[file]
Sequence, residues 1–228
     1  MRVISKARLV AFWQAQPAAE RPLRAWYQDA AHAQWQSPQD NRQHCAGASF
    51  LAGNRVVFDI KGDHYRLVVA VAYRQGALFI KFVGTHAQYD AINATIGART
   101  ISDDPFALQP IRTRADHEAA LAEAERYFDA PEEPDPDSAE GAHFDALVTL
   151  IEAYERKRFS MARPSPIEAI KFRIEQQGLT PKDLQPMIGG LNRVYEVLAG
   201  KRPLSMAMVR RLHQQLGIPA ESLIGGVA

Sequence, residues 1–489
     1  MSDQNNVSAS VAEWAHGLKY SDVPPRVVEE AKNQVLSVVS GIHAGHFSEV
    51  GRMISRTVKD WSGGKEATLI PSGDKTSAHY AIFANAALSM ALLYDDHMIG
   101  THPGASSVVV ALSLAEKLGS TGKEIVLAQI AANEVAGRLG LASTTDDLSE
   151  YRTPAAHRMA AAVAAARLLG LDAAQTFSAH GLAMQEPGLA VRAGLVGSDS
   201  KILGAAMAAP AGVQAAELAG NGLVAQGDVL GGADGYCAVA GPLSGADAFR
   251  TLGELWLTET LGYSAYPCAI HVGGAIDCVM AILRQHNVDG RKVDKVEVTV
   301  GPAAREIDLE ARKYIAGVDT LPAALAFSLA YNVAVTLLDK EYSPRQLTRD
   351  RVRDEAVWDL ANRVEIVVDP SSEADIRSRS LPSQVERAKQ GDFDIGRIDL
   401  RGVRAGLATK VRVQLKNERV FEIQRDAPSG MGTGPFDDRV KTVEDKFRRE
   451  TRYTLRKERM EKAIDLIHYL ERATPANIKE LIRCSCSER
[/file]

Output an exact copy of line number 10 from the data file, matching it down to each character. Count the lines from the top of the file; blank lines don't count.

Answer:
   101  THPGASSVVV ALSLAEKLGS TGKEIVLAQI AANEVAGRLG LASTTDDLSE